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God Challenges Israel


Hear what the L ord says:

Rise, plead your case before the mountains,

and let the hills hear your voice.


Hear, you mountains, the controversy of the L ord,

and you enduring foundations of the earth;

for the L ord has a controversy with his people,

and he will contend with Israel.



“O my people, what have I done to you?

In what have I wearied you? Answer me!


For I brought you up from the land of Egypt,

and redeemed you from the house of slavery;

and I sent before you Moses,

Aaron, and Miriam.


O my people, remember now what King Balak of Moab devised,

what Balaam son of Beor answered him,

and what happened from Shittim to Gilgal,

that you may know the saving acts of the L ord.”


What God Requires


“With what shall I come before the L ord,

and bow myself before God on high?

Shall I come before him with burnt offerings,

with calves a year old?


Will the L ord be pleased with thousands of rams,

with ten thousands of rivers of oil?

Shall I give my firstborn for my transgression,

the fruit of my body for the sin of my soul?”


He has told you, O mortal, what is good;

and what does the L ord require of you

but to do justice, and to love kindness,

and to walk humbly with your God?


Cheating and Violence to Be Punished


The voice of the L ord cries to the city

(it is sound wisdom to fear your name):

Hear, O tribe and assembly of the city!


Can I forget the treasures of wickedness in the house of the wicked,

and the scant measure that is accursed?


Can I tolerate wicked scales

and a bag of dishonest weights?


Your wealthy are full of violence;

your inhabitants speak lies,

with tongues of deceit in their mouths.


Therefore I have begun to strike you down,

making you desolate because of your sins.


You shall eat, but not be satisfied,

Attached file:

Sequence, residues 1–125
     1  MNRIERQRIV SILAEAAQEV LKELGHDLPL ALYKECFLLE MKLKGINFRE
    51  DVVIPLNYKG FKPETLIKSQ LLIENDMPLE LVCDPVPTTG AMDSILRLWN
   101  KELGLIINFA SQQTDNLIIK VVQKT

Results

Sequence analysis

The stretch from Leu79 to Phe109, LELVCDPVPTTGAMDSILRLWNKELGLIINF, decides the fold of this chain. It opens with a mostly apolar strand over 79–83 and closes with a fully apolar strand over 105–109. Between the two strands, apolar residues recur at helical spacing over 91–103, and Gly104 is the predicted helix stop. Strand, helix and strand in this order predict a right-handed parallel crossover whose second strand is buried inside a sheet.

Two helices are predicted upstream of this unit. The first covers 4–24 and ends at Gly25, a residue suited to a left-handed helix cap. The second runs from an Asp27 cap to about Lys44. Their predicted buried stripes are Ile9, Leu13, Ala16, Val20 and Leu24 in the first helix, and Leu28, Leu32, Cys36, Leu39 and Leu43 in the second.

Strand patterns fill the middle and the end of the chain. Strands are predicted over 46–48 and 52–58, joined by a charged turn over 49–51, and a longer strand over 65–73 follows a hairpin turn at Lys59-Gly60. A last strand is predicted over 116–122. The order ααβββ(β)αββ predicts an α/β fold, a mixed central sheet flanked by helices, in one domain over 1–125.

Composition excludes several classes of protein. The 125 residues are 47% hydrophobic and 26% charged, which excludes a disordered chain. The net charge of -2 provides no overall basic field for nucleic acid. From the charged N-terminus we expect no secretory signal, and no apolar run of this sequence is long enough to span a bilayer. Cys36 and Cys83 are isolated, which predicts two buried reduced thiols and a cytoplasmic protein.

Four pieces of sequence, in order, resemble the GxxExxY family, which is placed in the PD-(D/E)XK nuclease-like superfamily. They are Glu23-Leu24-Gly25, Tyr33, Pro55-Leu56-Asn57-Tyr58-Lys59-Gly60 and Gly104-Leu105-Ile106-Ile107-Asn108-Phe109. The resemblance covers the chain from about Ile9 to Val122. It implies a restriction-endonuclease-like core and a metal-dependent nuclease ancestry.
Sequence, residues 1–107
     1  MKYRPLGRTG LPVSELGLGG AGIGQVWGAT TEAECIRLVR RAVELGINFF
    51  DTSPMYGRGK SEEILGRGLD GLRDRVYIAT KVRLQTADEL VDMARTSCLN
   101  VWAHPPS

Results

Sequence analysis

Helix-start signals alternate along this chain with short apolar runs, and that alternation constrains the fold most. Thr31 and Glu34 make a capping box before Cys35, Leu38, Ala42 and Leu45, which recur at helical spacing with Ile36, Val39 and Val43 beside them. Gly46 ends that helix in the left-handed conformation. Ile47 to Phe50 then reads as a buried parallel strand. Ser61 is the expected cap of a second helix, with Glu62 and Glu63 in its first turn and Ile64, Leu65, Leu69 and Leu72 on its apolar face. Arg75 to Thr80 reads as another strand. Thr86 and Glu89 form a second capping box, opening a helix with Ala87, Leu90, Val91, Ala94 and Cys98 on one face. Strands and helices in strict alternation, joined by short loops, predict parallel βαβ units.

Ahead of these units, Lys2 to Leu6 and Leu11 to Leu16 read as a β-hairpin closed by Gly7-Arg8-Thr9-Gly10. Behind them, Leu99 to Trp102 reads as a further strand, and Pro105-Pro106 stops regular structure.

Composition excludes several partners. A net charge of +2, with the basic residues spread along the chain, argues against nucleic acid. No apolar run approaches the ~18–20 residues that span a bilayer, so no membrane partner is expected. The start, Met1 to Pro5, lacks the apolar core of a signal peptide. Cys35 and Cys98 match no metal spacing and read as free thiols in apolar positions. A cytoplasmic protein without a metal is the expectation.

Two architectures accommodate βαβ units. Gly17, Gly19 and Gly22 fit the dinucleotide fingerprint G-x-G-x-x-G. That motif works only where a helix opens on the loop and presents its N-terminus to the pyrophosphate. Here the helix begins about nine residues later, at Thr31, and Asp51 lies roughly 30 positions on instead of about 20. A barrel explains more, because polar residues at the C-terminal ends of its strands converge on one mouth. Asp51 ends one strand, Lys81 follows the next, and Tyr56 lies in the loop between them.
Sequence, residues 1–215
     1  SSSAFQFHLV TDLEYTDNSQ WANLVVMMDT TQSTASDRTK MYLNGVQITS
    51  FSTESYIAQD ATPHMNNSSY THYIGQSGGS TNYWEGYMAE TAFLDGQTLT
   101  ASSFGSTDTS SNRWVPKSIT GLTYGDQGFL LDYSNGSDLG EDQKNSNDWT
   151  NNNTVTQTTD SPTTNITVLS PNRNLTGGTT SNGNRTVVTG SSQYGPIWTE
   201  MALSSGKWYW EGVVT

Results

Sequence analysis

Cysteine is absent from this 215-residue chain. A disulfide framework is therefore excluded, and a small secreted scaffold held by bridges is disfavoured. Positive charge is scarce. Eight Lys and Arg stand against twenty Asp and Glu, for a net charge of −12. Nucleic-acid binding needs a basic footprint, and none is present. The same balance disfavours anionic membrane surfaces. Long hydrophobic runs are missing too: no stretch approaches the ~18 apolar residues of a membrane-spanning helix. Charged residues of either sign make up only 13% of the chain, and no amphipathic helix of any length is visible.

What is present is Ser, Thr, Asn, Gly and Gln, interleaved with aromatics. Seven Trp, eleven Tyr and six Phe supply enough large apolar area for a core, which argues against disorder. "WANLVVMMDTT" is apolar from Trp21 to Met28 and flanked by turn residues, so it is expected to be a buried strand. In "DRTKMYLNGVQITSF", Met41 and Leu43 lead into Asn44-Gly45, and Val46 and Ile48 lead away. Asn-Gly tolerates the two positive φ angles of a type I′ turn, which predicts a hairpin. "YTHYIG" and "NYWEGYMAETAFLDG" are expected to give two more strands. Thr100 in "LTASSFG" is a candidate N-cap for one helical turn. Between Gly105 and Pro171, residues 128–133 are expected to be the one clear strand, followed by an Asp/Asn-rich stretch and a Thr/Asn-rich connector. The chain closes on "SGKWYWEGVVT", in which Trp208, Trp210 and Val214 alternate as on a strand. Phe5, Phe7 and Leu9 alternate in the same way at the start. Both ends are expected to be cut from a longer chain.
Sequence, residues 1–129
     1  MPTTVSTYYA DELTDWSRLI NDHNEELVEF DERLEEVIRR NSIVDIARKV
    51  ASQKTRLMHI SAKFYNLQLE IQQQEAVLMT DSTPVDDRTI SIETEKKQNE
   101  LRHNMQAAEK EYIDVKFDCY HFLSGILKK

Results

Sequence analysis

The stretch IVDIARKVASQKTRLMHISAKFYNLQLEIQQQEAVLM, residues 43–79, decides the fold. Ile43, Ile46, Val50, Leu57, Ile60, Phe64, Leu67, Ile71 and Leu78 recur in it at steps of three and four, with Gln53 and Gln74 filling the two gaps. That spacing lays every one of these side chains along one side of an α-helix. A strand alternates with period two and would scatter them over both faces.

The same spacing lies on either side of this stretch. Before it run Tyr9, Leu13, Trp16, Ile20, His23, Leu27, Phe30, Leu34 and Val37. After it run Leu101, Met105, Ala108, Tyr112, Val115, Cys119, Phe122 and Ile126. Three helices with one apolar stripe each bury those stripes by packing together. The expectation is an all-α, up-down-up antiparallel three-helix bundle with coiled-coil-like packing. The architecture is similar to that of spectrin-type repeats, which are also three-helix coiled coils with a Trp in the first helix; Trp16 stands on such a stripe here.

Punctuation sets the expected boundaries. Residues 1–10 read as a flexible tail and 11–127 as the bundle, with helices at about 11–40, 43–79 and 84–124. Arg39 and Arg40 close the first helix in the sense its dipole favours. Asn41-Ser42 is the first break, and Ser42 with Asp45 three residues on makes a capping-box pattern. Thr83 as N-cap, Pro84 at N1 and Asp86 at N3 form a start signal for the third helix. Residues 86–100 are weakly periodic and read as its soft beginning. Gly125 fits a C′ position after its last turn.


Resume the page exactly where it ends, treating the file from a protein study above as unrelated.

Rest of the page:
and there shall be a gnawing hunger within you;

you shall put away, but not save,

and what you save, I will hand over to the sword.


You shall sow, but not reap;

you shall tread olives, but not anoint yourselves with oil;

you shall tread grapes, but not drink wine.


For you have kept the statutes of Omri

and all the works of the house of Ahab,

and you have followed their counsels.

Therefore I will make you a desolation, and your inhabitants an object of hissing;

so you shall bear the scorn of my people.


God, after having declared that he would be the Judge of the people, speaks now more clearly of their punishment. He says therefore that he was armed with vengeance: for it often happens, when a judge, even one who hates wickedness, is not able to punish, for he dreads the fierceness of those whom he thinks himself unequal to restrain. Hence God intimates here, that there will not be wanting to him a power to punish the people, I will afflict thee, he says, by striking or wounding thee; for so some render the words. 176176     Newcome renders this line differently, —
   Wherefore I will begin go smite thee.

   Following a few MSS. And the Septuagint, he takes the verb here to be החלתי, which means, to begin; but the rendering seems flat, and suits not the passage; and it is not true, for the Lord has often smitten them before. The verb is in the past tense, and this has created a difficulty. The verbs in the following verse, which is connected with this, are all in the future tense, referring to a coming judgment. To remove this difficulty I propose the following version, —

   But even I, who have made thee to grieve by striking thee,
Will make thee wholly desolate on account of thy sins:

   Then the threatened desolation is specified. The verb השמם, making desolate, is evidently a participle connected with אני I, at the beginning of the verse, the rest being an intervening clause: and when a participle follows a nominative case, which often occurs in Hebrew, the auxiliary verb must be supplied in a translation, which in its tense must be regulated by the context, and here by the verse which follows. Piscator renders it Desolabo, and says, that it is an infinitive put for the future. Grief or sorrow had already been produced, but now entire desolation is threatened. — Ed.
The sum of what is said is, — that nothing would be an obstacle to prevent God from inflicting punishment on the people, for there would be no want of power in his case. There is therefore no reason for men to promise themselves any escape when God ascends his tribunal; for were they fortified by all possible means they could not ward off the hand of God.

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